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Code of Conduct a further step in empowering consumers

It used to be that if one wished to complain about particular goods purchased or services received, one would need to wait in a queue in some dark corner of a store and argue one's case before a disinterested clerk. As of 30 March 2015, the processes for lodging a complaint about goods purchased or services received are now completely different.
Code of Conduct a further step in empowering consumers
© doomu –

The Minister of Trade and Industry has published a Code of Conduct for the Consumer Goods and Services Industry, which has two primary functions:

  • the creation of the so-called Consumer Goods and Services Ombud; and
  • requirements for suppliers of goods or services to create and maintain a complaints-handling procedure.

The Code applies to all providers of goods and services in the Republic of South Africa except those specifically excluded by paragraph 4.4 of the Code. Therefore every transaction to which the Consumer Protection Act No. 68 of 2008 (CPA) applies is directly affected by the Code. This means that suppliers of both goods and services operating in the Republic must ensure that they comply with the provisions of section C and paragraph 5 of the Code.

Complaints-handling process

The primary obligation on suppliers under the Code is to establish an effective complaints-handling process. This process must be accessible to and easily understandable by consumers. The process has to include, as a minimum, setting out the process a consumer must follow to lodge a complaint with a supplier, the design of the complaints-handling process and a system to monitor the effectiveness of the complaints-handling process.

In addition to the complaints-handling process, suppliers are required to display notices stating that they comply with the Code and erect notices referring to the Consumer Goods and Services Ombud stating that they are participants for purposes of the Code.

The complaints-handling process must also be directly available to consumers and complaints-related documents must be kept for a period of three years from the date of the lodgement of the complaint. The date that it is captured, in terms of the Code, must be used to identify recurring problems and identify remedies to address such problems. In addition, the data may be used to provide information to the Ombud.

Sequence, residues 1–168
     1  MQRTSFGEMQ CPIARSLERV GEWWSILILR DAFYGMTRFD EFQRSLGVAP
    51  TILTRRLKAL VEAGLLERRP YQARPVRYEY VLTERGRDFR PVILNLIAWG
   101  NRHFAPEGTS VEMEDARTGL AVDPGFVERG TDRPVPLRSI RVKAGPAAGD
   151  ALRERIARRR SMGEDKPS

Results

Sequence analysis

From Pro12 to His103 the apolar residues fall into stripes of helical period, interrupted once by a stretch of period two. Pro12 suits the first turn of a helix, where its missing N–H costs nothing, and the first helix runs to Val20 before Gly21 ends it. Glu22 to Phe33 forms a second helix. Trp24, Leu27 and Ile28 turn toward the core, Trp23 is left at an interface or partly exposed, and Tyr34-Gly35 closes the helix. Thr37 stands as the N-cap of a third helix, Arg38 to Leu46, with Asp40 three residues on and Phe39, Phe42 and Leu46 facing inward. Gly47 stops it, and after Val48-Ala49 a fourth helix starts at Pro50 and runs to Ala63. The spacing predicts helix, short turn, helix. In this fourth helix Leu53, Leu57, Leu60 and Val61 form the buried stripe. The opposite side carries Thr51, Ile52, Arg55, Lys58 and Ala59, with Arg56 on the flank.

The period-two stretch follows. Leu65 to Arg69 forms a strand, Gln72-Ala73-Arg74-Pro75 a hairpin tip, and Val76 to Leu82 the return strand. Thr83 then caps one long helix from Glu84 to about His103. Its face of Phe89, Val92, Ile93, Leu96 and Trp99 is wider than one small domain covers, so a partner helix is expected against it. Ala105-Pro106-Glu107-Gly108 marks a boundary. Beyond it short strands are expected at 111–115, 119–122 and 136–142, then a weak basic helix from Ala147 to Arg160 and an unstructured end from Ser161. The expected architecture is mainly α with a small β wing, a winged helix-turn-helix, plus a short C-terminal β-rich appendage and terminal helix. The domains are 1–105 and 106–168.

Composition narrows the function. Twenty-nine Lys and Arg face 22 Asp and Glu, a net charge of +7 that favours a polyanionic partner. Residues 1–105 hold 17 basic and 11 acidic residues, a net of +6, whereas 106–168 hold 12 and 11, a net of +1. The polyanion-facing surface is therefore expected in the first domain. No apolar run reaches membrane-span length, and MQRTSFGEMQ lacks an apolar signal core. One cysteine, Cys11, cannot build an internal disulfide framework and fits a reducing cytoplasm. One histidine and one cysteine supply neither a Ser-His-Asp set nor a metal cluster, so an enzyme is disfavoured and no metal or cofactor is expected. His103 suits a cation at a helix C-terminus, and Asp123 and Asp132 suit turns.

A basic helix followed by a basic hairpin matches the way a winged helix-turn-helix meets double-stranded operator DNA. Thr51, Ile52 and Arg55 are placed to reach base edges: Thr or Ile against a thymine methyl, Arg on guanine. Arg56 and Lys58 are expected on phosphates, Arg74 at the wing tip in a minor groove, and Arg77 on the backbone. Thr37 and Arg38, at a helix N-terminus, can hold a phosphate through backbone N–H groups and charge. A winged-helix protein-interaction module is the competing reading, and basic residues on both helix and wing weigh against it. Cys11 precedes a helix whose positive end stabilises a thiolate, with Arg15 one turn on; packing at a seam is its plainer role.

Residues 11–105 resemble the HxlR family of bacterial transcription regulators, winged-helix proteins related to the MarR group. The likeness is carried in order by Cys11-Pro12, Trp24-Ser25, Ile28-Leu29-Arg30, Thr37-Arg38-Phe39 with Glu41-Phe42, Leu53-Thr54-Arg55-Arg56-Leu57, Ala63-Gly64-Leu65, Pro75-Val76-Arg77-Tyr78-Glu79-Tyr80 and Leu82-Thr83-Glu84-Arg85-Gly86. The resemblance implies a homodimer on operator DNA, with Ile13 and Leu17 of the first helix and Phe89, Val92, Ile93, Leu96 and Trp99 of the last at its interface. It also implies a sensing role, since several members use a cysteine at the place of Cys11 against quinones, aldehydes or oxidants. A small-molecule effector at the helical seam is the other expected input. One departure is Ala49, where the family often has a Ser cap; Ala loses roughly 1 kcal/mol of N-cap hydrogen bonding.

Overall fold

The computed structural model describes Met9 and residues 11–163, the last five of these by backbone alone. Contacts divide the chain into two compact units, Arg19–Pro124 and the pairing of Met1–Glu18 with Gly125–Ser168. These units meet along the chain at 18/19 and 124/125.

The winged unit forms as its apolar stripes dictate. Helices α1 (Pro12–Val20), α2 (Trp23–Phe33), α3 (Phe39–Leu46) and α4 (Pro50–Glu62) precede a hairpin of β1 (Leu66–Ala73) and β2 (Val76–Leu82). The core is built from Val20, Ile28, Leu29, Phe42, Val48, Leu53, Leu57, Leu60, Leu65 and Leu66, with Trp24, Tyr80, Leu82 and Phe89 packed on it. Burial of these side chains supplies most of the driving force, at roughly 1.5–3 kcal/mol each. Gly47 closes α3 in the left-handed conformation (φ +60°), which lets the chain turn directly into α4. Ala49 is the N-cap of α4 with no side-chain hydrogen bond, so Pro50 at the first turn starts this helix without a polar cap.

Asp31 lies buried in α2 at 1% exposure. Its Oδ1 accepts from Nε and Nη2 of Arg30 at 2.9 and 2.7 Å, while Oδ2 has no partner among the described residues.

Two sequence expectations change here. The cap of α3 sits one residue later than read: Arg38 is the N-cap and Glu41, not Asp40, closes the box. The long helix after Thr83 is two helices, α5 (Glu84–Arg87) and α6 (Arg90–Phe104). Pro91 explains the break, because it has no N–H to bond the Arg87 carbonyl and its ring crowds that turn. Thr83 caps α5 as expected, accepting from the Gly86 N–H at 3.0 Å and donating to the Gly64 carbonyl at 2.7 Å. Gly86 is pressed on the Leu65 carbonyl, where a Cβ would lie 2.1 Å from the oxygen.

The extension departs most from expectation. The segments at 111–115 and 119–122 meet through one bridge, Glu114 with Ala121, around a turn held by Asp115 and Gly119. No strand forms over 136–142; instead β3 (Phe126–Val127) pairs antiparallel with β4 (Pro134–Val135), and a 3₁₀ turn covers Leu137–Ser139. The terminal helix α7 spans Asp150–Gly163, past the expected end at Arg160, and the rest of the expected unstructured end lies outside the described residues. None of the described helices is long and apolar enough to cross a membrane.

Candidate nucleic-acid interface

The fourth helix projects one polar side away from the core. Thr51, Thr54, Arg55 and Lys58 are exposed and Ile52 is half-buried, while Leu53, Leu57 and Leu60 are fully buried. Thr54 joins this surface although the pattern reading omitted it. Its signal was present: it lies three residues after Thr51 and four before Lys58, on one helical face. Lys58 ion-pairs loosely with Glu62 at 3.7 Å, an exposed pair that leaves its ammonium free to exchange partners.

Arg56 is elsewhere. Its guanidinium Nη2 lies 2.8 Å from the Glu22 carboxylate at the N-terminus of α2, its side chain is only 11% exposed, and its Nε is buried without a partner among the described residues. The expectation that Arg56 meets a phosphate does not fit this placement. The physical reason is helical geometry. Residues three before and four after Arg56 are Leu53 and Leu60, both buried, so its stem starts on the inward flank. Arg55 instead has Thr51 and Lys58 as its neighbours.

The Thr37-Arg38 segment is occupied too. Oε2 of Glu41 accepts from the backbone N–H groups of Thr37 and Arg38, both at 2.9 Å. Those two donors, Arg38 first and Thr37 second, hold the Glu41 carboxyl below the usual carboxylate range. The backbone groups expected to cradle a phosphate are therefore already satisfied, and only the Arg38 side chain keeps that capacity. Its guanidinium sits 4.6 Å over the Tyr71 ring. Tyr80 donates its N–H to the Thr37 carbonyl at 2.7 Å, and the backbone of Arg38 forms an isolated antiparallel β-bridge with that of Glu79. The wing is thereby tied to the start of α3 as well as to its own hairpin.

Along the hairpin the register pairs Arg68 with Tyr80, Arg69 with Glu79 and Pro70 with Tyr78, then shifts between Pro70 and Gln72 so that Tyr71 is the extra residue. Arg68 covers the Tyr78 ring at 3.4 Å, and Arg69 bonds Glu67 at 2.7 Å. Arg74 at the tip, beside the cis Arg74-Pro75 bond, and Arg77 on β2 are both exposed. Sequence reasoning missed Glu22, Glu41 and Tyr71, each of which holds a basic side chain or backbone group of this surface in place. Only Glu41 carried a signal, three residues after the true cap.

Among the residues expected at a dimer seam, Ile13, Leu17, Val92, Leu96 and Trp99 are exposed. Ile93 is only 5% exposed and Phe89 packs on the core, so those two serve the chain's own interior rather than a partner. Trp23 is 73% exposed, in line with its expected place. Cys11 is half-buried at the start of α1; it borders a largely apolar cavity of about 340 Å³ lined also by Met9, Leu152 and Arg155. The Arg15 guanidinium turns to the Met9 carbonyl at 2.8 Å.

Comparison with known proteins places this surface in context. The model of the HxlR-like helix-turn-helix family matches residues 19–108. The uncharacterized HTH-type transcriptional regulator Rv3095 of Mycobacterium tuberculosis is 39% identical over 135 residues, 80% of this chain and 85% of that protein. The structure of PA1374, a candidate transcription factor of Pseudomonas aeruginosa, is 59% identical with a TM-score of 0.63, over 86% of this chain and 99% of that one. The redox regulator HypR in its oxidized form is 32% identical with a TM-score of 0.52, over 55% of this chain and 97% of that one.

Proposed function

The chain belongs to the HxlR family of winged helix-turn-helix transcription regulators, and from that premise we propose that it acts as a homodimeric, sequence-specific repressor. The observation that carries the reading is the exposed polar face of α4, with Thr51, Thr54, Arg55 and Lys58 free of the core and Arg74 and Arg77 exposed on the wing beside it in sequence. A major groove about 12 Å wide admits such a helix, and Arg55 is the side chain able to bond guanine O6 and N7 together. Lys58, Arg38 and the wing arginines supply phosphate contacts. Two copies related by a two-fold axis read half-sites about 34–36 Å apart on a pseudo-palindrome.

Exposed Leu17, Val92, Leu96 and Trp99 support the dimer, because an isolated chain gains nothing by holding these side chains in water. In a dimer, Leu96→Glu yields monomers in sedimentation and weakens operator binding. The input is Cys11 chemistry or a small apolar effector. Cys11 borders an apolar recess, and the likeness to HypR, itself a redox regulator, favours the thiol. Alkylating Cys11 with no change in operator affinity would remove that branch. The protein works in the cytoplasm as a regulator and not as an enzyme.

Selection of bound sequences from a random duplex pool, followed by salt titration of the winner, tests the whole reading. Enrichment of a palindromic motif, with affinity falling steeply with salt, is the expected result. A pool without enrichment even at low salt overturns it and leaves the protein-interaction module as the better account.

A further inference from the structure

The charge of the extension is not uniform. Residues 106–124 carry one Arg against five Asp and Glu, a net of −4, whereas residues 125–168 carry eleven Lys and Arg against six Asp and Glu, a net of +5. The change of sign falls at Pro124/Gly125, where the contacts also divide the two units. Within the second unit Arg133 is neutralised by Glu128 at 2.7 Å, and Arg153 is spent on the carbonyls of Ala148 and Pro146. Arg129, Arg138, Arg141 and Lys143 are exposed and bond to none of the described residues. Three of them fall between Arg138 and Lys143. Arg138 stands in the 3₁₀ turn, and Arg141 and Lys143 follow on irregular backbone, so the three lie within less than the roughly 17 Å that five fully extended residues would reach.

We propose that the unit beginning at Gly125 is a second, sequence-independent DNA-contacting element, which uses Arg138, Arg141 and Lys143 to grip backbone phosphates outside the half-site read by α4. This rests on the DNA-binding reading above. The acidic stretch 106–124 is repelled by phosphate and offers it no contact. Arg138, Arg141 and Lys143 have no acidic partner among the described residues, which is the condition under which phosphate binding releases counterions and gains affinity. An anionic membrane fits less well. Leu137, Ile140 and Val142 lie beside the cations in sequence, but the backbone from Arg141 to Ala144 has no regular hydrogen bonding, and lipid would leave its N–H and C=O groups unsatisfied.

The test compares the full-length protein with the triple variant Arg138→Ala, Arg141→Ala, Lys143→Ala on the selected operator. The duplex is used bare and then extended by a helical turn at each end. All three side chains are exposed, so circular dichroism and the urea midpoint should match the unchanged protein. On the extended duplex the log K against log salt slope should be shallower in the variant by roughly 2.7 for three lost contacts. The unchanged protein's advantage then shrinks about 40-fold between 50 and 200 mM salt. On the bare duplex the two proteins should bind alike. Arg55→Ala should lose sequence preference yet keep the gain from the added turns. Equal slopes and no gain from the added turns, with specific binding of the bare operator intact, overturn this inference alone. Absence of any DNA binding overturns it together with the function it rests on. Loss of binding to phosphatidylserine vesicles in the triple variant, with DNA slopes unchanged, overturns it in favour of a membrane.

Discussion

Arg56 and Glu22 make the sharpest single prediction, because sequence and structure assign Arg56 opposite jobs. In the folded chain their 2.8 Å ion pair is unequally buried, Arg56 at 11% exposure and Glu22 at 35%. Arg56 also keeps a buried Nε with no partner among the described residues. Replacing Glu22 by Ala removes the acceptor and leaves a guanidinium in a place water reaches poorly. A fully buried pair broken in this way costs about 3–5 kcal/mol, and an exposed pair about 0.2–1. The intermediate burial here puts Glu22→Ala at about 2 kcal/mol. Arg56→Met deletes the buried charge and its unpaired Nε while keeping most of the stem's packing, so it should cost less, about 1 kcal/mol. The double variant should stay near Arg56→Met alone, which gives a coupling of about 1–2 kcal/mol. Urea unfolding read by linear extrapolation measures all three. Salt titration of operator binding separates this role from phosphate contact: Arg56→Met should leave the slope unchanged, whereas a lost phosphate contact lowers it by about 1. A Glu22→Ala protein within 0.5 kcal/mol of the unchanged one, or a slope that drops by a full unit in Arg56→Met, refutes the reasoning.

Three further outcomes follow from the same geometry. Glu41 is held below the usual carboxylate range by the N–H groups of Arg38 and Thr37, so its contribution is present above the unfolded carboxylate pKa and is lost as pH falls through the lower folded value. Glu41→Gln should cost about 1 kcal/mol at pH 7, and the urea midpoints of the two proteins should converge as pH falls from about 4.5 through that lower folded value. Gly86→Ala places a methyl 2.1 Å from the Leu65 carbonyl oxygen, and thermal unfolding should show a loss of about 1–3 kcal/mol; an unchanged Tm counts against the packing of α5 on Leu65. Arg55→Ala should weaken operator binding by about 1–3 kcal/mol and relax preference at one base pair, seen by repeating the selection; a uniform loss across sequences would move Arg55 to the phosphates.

In terms of paragraph 5.1.11, suppliers are required to cooperate with the Ombud and the National Consumer Commission in so far as the implementation of the Code is concerned. Any failure to cooperate with the Ombud will be taken "...into consideration by the [National Consumer Commission] and the Tribunal when issuing a compliance notice or proposing or determining an administrative fine".

The Ombud

Section D in paragraph 6 creates the office of the Ombud. The Ombud will be financed through contributions by participants as participants will be required to pay a joining fee and an annual levy which shall be determined by the Board of the Ombud. In terms of paragraph 6.2.2, fees will be determined with reference to a participant's market share. In addition, the Ombud has the power to raise a special levy where required.

The Ombud is to act independently and determine complaints in such a capacity. The primary function of the Ombud is to process complaints. To this end, section F sets out the process to be followed for purposes of laying a complaint. The complaints process consists of four stages, the first of which is laying the complaint, the second is the referral of the complaint to the office of the Ombud, the third is the resolution of the complaint by the participant and the fourth is an investigation and complaint resolution by the Ombud.